As shown in FIG. 8, an alternative embodiment of a fixator 152 is illustrated. The fixator 152, which generally includes all of the features and provides all of the advantages of fixator 10, has a semi-circular body 154 that forms and provides an open side 156. The open side 156 offers the eye surgeon room to maneuver a scalpel or other surgical instrument when, for example, cataract surgery is performed. Like above, the eye surgeon prepares the eye46, aligns the fixator 152 and the eye, and then releasably secures the fixator to the eye using suction. With the fixator 152 and the eye 46 releasably secured together, the eye surgeon is able to make an incision in the eye proximate the open side 156 to expose the cataract in the lens of the eye. With the lens now accessible, the eye surgeon is able to repair or replace the cloudy, damaged, and/or diseased lens, perform other or further care, and then release the fixator 152 from engagement with the eye 46. As will be recognized by those skilled in the art, the open side 156 of the fixator 152 beneficially provides the eye surgeon with additional accessibility to the eye as well as additional room proximate the eye to maneuver a surgical instrument.

As shown in FIG. 9, yet another embodiment of a fixator 158 is illustrated. The fixator 158, which generally includes all of the features and provides all of the advantages of fixator 10, has threads 160 on an inner wall 162. The threaded inner wall 162 permits a trephine that has mating threads, as will be more fully discussed below, to be threadably engaged with the fixator 158. As such, when the fixator 158 is releasably secured to the eye, the trephine can be threadably driven downwardly into the central aperture 164 of the fixator 158 and toward the eye. As the trephine continues to be driven downwardly, eventually a blade on the trephine contacts the cornea of the eye. As the trephine continues to be rotated, perfectly arcuate incisions can be made in the cornea.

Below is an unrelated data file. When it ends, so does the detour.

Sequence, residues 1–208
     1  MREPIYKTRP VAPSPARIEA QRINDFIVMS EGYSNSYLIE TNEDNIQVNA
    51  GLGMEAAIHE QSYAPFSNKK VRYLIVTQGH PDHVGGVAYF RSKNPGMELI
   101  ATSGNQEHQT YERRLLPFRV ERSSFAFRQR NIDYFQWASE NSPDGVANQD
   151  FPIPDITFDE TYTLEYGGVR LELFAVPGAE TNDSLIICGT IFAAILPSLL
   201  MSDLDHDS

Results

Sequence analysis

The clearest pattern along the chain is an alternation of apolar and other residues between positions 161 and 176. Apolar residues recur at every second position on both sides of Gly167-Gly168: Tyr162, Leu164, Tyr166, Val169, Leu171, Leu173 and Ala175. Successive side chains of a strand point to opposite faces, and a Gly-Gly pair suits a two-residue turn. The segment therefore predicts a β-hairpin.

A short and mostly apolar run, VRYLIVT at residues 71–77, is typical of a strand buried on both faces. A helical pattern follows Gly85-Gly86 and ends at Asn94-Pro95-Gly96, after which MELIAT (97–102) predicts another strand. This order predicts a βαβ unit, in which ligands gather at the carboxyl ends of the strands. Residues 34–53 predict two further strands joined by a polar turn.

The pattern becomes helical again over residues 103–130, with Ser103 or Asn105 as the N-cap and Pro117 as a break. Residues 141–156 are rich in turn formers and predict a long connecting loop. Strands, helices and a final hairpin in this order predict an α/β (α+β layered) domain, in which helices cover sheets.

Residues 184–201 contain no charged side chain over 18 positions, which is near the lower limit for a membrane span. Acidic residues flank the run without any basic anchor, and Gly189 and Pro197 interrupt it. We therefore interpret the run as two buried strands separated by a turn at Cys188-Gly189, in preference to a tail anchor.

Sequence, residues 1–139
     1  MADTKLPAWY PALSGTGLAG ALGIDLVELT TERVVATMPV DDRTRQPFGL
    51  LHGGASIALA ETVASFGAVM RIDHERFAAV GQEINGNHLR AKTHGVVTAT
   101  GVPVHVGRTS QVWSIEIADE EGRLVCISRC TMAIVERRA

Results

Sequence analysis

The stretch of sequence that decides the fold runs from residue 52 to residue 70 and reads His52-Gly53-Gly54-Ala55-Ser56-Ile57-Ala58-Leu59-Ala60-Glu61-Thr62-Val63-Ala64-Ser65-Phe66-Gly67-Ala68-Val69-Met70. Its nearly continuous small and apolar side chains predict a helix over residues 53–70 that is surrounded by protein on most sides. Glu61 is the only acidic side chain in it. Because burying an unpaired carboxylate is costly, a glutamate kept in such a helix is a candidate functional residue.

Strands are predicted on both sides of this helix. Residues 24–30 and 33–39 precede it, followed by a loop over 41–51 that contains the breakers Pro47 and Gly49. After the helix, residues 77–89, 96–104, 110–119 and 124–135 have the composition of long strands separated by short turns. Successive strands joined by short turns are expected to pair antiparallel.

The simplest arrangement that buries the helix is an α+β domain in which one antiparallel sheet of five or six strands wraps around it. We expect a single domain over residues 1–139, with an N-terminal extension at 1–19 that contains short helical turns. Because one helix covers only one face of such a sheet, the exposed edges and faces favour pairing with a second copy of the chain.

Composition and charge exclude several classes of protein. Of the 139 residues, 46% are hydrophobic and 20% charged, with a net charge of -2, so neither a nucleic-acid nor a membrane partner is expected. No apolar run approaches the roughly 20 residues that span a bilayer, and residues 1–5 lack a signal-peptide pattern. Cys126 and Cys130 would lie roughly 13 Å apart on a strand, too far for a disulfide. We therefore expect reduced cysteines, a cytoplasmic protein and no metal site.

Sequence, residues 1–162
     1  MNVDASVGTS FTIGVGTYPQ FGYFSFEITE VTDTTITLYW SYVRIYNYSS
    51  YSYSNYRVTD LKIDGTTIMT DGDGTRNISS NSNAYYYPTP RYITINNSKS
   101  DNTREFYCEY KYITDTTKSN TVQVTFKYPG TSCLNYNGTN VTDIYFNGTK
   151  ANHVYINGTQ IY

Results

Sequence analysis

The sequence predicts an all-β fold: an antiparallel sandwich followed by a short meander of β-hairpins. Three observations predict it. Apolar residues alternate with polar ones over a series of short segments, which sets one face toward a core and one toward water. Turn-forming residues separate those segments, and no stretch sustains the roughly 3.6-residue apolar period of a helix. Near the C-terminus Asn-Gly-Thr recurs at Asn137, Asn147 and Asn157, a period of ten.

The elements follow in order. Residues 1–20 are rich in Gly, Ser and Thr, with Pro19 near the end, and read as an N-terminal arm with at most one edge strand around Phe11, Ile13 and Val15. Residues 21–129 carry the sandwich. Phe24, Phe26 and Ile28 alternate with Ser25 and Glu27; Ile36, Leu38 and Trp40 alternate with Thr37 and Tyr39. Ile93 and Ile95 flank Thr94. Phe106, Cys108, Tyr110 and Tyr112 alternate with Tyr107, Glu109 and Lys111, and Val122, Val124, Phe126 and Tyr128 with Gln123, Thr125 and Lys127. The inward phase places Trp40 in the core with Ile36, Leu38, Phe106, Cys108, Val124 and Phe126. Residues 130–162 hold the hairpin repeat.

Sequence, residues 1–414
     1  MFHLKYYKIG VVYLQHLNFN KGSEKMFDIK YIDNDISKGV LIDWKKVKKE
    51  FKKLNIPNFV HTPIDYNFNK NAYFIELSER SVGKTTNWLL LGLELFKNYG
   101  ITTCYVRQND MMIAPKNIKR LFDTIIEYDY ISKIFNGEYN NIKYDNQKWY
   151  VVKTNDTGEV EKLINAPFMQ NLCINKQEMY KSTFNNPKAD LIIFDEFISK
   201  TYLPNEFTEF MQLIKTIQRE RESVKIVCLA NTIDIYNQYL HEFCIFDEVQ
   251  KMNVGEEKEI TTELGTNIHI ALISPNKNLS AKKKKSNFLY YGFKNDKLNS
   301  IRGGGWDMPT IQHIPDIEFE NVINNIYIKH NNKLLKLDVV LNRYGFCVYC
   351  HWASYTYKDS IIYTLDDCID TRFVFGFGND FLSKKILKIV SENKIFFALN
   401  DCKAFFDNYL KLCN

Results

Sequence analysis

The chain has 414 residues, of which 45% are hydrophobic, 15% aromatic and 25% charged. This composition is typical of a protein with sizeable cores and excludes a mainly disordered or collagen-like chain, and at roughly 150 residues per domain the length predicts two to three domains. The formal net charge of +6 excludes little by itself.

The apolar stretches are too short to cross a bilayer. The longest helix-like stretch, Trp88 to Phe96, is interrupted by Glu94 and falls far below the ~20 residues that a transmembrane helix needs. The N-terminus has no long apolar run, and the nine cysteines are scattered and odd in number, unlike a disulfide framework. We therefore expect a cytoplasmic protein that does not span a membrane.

Referring now to FIG. 10, a penetrating keratoplasty unit 166 (PK unit) particularly suited for performing PK surgery is illustrated. The PK unit 166 comprises a donor module 168 and a recipient module 170. The donor module 168 includes a base 172, a trephine 174, and a cap 176 and the recipient module 170 comprises a fixator 178 and the same trephine 174 (shown in dashed lines) that was included in the donor module. Notably, the trephine 144 and fixator 178 include many of the same features and provide many of the same advantages as the trephines 84, 126 and fixators 10, 152, 158 previously described.

The base 172 of the donor module 168, which is illustrated in cross section in FIG., has a generally cylindrical body 180 reduced in diameter by a centrally disposed access cut-out 182. The base 172 defines a closed lower end 184 and an open upper end 186. Projecting upwardly from the closed lower end 184, the base 172 has a central stabilizer 188. The central stabilizer 188 is generally a fixed hollow shaft that has steps 192 formed in an exterior surface by a series of decreasing shaft diameters as the shaft continues to progress toward the open upper end. Proximate the open upper end 186 of the base 172, the stabilizer 188 includes a suction cavity 192 housing a porous member 194. A passage 196 in the base 172 and stabilizer 188 extends from a suction port 198 in the base 172, through the stabilizer 188, and to the suction cavity 192. Therefore, suction introduced by the suction producing device 32 (FIG. 1) can be transmitted to the suction cavity 192. As before, the porous member 194 permits the suction in the suction cavity 192 to permeate therethrough and be evenly distributed at the open end 200 of the suction cavity.

The trephine 174 of FIG. 10 includes a thumb wheel 202, a generally cylindrical central body portion 204, threads 206, and a blade 208. The thumb wheel 202 is an annular or circular member that is designed to be gripped and rotatably acted upon by the eye surgeon. In that regard, the thumb wheel 202 may include one or more gripping members 210 such as, for example, knobs, knurls, studs, depressions, and the like. The body portion 204 is interposed between the thumb wheel 202 and the threads 206. The threads 206 are sized and dimensioned to permit about one tenth of a millimeter of axial travel per revolution of the trephine 174. The blade 208 is preferably a circular trephine blade having a central opening as well known by those skilled in the art.

The entire trephine 174 in FIG. 10 includes an axial bore 212 formed therethrough such that the trephine can be lowered down and telescopically received upon the stabilizer 188 of the base 172. In fact, stabilizer 188 is able to pass through the axial bore 212 of the trephine 174 until the trephine comes to rest on one of the steps 192. When disposed on the stabilizer 188, the thumb wheel 202 of the trephine 174 is accessible by the eye surgeon through the access cut-out 182.